The city council Thursday night voted 5-1 — with Councilman Glen Cummins opposing — to overturn its policy of having one non-voting work session per month and one regular voting meeting, making both meetings per month now subject to voting.
The policy overturned by the council Thursday night was adopted by the same council May 17, 2012, and states no voting can take place in a work session, “except in cases of emergency.”
Mayor Gene Hobgood brought forward the possibility of doing away with the policy during the council’s last meeting, because he said the policy had been regularly violated by the council. Hobgood has said the policy of not voting during work sessions gives the public more time to be aware of what actions the city council might take.
But Councilman John Beresford said Thursday night the policy wasn’t necessary.
“Posted down on the front door, is the agenda for the meetings,” Beresford told the council. “Anybody that has any interest can come in and pick one up. What’s interesting: I haven’t heard one word about this big issue, from anybody.”
Hobgood spoke up and said he had heard from residents concerned about the council voting during non-voting meetings.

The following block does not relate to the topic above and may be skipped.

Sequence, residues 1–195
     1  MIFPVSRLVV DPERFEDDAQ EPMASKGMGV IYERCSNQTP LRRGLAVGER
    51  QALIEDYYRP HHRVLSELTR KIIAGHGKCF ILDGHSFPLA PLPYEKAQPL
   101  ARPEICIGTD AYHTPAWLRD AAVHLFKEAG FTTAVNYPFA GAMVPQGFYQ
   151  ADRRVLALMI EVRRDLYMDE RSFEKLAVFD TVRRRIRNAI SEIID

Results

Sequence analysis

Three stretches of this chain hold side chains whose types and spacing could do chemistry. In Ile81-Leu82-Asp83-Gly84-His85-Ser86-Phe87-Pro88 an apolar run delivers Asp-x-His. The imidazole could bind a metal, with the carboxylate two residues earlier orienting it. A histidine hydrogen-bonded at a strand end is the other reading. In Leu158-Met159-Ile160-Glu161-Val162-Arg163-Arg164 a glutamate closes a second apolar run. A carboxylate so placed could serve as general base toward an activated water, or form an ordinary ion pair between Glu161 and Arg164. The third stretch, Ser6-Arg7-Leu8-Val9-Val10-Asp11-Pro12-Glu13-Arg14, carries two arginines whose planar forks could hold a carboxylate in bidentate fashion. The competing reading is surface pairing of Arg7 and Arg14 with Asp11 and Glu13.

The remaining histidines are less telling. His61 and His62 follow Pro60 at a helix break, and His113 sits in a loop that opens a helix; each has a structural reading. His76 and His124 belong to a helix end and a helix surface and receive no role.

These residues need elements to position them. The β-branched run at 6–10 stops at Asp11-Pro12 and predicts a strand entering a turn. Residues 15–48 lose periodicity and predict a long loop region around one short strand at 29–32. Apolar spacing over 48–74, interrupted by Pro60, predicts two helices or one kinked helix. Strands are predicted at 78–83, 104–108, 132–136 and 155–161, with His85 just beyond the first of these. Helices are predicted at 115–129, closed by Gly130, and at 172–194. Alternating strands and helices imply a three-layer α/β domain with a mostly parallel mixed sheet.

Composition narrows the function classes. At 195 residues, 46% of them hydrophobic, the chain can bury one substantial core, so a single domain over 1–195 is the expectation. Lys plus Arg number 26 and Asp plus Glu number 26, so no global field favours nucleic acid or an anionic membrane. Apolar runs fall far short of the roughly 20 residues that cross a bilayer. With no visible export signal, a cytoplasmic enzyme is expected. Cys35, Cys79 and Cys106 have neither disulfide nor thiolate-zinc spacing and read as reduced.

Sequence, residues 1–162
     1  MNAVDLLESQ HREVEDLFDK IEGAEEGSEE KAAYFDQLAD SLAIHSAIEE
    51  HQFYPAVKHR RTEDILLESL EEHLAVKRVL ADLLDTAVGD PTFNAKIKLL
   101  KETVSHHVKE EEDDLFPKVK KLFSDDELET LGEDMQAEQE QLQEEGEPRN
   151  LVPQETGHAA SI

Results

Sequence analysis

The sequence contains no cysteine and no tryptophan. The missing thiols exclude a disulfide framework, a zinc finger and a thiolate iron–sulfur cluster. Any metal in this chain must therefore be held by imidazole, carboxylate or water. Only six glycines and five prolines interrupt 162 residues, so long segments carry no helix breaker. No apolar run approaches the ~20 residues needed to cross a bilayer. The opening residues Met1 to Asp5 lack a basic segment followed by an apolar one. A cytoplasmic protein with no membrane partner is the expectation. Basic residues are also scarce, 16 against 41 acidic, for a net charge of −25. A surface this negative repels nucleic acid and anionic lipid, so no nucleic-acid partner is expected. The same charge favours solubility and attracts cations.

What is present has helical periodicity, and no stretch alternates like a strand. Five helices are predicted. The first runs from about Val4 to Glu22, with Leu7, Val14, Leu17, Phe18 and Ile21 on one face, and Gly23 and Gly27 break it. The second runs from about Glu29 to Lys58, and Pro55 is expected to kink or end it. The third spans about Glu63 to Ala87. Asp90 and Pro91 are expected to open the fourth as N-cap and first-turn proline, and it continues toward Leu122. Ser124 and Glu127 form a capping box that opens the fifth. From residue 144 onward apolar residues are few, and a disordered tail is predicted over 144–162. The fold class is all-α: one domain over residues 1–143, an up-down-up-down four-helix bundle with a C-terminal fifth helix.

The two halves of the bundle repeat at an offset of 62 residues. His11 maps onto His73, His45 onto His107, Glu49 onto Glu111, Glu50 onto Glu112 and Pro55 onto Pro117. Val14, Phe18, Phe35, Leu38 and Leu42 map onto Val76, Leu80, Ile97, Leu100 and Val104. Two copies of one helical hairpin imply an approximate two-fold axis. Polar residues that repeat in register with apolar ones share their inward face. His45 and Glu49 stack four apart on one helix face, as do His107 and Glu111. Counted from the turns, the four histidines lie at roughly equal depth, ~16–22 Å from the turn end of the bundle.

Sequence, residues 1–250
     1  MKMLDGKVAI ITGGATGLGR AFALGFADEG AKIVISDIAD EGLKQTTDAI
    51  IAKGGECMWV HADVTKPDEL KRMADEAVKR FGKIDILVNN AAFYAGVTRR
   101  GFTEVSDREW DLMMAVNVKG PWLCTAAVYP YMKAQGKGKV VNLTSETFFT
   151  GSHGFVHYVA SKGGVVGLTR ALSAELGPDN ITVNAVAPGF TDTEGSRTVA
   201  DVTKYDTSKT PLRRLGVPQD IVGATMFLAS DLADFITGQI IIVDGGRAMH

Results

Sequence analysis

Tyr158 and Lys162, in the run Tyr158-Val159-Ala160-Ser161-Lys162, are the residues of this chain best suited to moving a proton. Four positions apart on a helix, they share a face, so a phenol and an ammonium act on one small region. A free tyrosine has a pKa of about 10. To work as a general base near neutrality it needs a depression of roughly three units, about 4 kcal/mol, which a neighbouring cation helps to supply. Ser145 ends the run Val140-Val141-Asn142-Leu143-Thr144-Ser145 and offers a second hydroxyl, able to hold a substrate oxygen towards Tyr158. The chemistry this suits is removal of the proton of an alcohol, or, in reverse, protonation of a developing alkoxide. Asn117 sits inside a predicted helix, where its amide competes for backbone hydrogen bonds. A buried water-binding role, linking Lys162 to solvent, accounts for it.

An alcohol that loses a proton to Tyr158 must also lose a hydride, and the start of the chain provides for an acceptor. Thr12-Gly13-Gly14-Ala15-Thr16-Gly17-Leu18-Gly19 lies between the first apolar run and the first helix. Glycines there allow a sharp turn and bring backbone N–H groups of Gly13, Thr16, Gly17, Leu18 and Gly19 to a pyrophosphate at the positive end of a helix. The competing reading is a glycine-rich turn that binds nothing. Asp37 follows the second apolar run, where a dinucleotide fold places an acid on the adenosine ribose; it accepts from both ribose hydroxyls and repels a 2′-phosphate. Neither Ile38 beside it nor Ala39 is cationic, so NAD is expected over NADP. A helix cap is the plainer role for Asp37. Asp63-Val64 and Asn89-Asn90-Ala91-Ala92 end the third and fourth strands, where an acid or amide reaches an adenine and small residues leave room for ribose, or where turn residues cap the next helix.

“I’m sure you have, because you’re pushing it,” Beresford said to the mayor. “I haven’t heard any of the other citizens say one word.”
Councilman Hooky Huffman said he didn’t see the need for the policy, and that there was no intent of “tricking” the public when the council had taken unscheduled votes.
For Cummins, it didn’t really matter if the council did away with its policy of not voting during work sessions, because three new council members will come on board in January to replace Beresford and Councilmen Bill Bryan and Bob Rush, who aren’t seeking re-election.
“The operating policies and procedures of this council is subject to change every two years anyway,” Cummins said during the meeting. “It’s definitely a moot point, because we may be getting — we will be getting — three new council members and they may have totally different perspective in January.”
Beresford told the mayor he didn’t like Cummins’ insinuation.
“My question is to you, Mr. Mayor, why have four more council meetings, because I just heard from one of our illustrious councilmen that anything we do and vote on was going to be overrode, possibly, next year,” he said.
“So we’re the lame duck, we’re the sham. That was an uncalled-for comment from the illustrious councilman.”
Hobgood said the council would have four more meetings in 2013 because the city’s charter says it has to meet twice a month and there are two more months in the year.
“Sounds to me like there’s no need to have them, because decisions have already been made,” Beresford said.
Also during the meeting Thursday, the council:
• Voted unanimously to reduce the speed limit on a one-mile stretch of Bluffs Parkway near the Cherokee County Conference Center from 45 mph to 35 mph. The Cherokee Board of Commissioners requested the change;
• Unanimously approved waiving construction permit fees for work at the waste water treatment plant; and
• Voted unanimously to approve an agreement with the Georgia Department of Transportation on the Main Street Connector Streetscape project.